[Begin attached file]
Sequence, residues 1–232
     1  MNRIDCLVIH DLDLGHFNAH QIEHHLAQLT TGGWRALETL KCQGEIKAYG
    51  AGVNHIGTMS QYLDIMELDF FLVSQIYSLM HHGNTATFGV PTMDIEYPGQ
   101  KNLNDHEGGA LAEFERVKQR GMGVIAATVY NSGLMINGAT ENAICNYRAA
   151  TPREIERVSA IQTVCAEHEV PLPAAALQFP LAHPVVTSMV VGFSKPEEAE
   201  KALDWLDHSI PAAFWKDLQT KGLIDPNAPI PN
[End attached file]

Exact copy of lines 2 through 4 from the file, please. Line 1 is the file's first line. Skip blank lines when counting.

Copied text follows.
     1  MNRIDCLVIH DLDLGHFNAH QIEHHLAQLT TGGWRALETL KCQGEIKAYG
    51  AGVNHIGTMS QYLDIMELDF FLVSQIYSLM HHGNTATFGV PTMDIEYPGQ
   101  KNLNDHEGGA LAEFERVKQR GMGVIAATVY NSGLMINGAT ENAICNYRAA